Outsiders’ art in Butcher’s Hook

Jesse Hazelip and Jon Todd’s exhibition at Yves Laroche brings together two very different styles with a shared commitment to recognizing society’s outsiders.

“Butcher’s Hook,” by Jesse Hazelip.

Butcher’s Hook is a code, but it’s an inviting one. The upcoming Yves Laroche exhibit derives its title from the Cockney expression “have a butcher’s hook,” meaning “to have a look.” A showcase of the tattoo-themed work of illustrator Jesse Hazelip and painter Jon Todd, Butcher’s Hook invites viewers to explore tattooed skin as a legend of images that tell the wearer’s story.

Hazelip’s black and white ballpoint illustrations of bulls, wolves and vultures are a stark visual contrast to Todd’s colour-saturated portraiture. While Todd relishes in finding “happy mistakes” by distressing his multi-layered pieces with chemicals or sanders, Hazelip’s studies celebrate the play between detail-heavy and negative space.

Despite their aesthetically-opposed styles, Hazelip and Todd find common ground through their focus on marginalized members of society.

“The characters for this show are kind of a fringe crowd, kind of like outsiders,” says Toronto-based Todd, who moves into portraiture with Butcher’s Hook. “They’re people I’ve seen in my travels. One portrait is of a homeless man I saw in Shanghai. The portraits I create evolve from my experiences and through the themes that I choose.”

Tattoo art has been one of Todd’s favourite themes since he acquired a book on Russian tattoo art about five years ago and was fascinated by their ability to simultaneously hide and communicate meaning.

“Cabinet Maker Undertaker,” by Jon Todd.

“An image can tell a story about someone’s life. What looks like a bunch of random images is really a code, a hidden way of telling stories,” Todd says. “It’s a way to place meaning in hidden places and disguise patterns within patterns. This work is really a form of storytelling that mixes references from different cultures, and tells stories across a person’s body.”

Hazelip, a Brooklyn-based artist, uses Butcher’s Hook to explore the problems of the U.S. prison industrial complex by incorporating distinctive prison and gang tattoos into his illustrated animal studies and bull skull carvings.

“The tattoos in this series reference prisons or places where conditions for inmates are particularly bad, like West Texas” says Hazelip. “At any given moment, we have 2.3 to 2.5 million people in the system. If that was happening with a sickness, it would be considered an epidemic. It’s an epidemic of poor people disappearing from the streets.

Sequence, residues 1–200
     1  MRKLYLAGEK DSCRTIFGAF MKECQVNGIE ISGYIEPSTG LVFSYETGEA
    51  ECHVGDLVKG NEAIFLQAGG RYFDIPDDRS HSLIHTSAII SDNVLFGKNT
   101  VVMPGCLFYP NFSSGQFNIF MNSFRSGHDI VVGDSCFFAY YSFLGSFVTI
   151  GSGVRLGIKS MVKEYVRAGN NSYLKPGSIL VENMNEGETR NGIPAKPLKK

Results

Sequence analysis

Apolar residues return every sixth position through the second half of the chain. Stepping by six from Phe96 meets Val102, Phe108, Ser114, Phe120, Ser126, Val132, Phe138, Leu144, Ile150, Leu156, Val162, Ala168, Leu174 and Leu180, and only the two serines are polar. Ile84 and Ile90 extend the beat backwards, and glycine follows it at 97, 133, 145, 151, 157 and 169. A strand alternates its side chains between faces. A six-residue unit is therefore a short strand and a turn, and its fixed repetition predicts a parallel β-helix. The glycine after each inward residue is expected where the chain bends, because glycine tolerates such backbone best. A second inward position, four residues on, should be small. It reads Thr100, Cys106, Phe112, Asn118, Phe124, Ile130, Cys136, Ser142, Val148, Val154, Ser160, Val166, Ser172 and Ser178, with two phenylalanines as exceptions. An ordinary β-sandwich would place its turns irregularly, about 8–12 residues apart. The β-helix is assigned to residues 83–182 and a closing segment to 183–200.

“And the tattoos, these images of gangsterism, go right to people’s core, because that’s how a lot of poor people in this country are raised. Gangs are their family, and if they end up in prison because of it, they have to get deeper into it to survive,” he continues.

Though they’re an aesthetic odd couple, the two Butcher’s Hook artists have more than just a theme in common. They’ve also both given back to their communities through their art, and have benefited in their practice and personal goals as a result.

“Teaching has made me a better artist,” says Todd, who teaches a media class to young artists. “The current style I’m working on now is in large part because of my teaching. I’m always pushing my students to experiment and try new things and because of that I’ve started experimenting with my own art. It’s a great process for me, and I really enjoy it.”

Hazelip has plans to help the Young New York organization provide art therapy programs to young people as an alternative to serving time. Although massive wheatpaste versions of his illustrations bring Hazelip’s message to the streets, recently, a more private form of artistic exchange is driving his desire to change the system.

“I’ve got a friend in prison right now and we’re doing art collaborations through the mail, sending it back and forth. I’m trying to do art therapy through him, and make his voice heard. But there are so many men and women like him, and I have so much to discuss. More than I even know yet, because this is just scratching the surface of what’s going on. It’s very scary, and overwhelming, and I’m going to keep fighting it.” ■

Butcher’s Hook runs June 8-26, at Yves Laroche Gallery, 6355 St-Laurent. Vernissage Saturday, June 8, 2-5 p.m., free.

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